Home » Peri-Trip » Thoughts on living with a host family

Thoughts on living with a host family

This evening my host family and I went out to eat, both to celebrate my host mom’s boyfriend’s birthday and to celebrate the semester I’ve spent with them. We went to a local Brazilian buffet style restaurant, it was delicious and fun especially when the waiters and the family sang happy birthday in Portuguese, Spanish, and English and brought us a complementary bottle of champagne. We all made toasts, they wished me luck and I thanked them for having me in their home for the semester. They even bought me a present, a cookbook of international recipes. I said, “Great! So I can learn to burn things other than scrambled eggs!” (I used to predictably burn my scrambled eggs in the morning, filling the upstairs with smoke) and they all laughed. We had a great time and then came home for some tea and lemon meringue pie.
As unreal as it seems, I do need to start accepting that my time here is fast drawing to a close. It’s strange to think I won’t be seeing my host family every day, playing PS3 with Seba and Benja or talking with Cami and Gloria. I’ll even miss Toutín, the little white dog.
If you are planning on studying abroad, especially for a language immersion experience, I highly recommend choosing a program with a host family or home-stay component. I could cite endless studies  that demonstrate the benefits of living with a host family to language learning but I think the cultural aspect is also vital; the only way to truly understand another culture is to involve yourself in it as much as possible.

If I were to attempt to describe what it is like to live with a host family, I would have to say it is a progression. At the beginning it can be awkward, but towards the end I would say it feels a lot like being at your childhood best friend’s house: you feel very relaxed and comfortable just like it were your own house, just a little better behaved. Every host family is different and unique, all come with their own culture and habits and dynamics. Some of my program buddies live with a single older woman or widow, some live with young families with children, and everything in between. So here are four general pieces of advise to help make your home stay experience as wonderful and fantastic as possible.

1. Communication, communication, communication.

Ask questions. Ask for clarification. Tell them where you are going and when you will be back. Tell them your favorite foods and your least favorites and your allergies. Ask them about routines. Ask them what you should call them. Tell them about your day. Ask them about their days. Tell jokes. Tell stories. LISTEN to their jokes and stories.

2. Make like a chameleon and blend.

Think of it as when you are at your best friend’s house: adapt to the house rules as if you were just another son or daughter. If your mom asks you to keep your room clean, do so (I failed miserably at this). Find a chore niche and help out where you can: I would wash the dishes left in the sink at night on my way to bed and wash the dog every few weeks. Eat with the family, share with them. Try to spend as little time as possible with your door shut, when it wasn’t too noisy I liked to do my homework in the dining room so I would still be present in the flow of things.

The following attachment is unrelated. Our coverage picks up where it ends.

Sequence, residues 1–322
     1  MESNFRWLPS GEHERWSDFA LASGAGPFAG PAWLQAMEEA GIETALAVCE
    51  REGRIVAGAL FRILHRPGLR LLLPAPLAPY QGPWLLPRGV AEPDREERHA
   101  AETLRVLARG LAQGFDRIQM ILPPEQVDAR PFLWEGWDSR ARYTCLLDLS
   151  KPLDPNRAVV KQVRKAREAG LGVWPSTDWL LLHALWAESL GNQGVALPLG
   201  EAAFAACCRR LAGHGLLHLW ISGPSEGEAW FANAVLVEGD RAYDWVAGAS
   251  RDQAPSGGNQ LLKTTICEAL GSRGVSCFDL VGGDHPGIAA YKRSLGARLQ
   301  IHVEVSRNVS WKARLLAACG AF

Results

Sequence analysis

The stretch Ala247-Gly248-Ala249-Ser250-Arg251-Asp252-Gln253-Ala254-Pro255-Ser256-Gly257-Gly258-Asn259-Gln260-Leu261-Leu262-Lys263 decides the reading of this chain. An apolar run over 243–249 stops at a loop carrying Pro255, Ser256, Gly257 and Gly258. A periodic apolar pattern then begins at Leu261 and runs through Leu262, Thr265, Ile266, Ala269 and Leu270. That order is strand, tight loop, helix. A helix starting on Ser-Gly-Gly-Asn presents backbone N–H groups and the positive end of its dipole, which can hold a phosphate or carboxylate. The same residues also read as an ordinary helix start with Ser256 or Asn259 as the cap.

Be the host student you would like to have. Don’t be a pig, don’t spend a billion hours in the shower, don’t leave the lights on when you leave or the milk out on the counter or track mud through the living room. But also listen, be open minded and nonjudgmental. Remember, you are here to learn new things not lecture people about your same old things.

4. Enjoy this time.
For US students who often live on campus or in an apartment close by, living with “parents” can seem like a loss of independence, and in a way it is. You need to follow the house rules, tell them where you are going and when you will be back, call ahead if you are bringing a friend, etc. But also for many of us it will be the last time our dinner is homemade for us every night, the last time our laundry is lovingly washed, ironed, and folded for us, the last time someone will be worried if you don’t come home on time. With the right dynamic, your relationship with your host family can be very meaningful and special. My host family has been there for me in my good days and bad, they’ve laughed with me and listened when I needed to cry, they’ve explained and shared things with me. I hope to stay in touch with them through the years and if I ever find myself back in Chile, as I am planning to do, I will most definitely be coming to visit!


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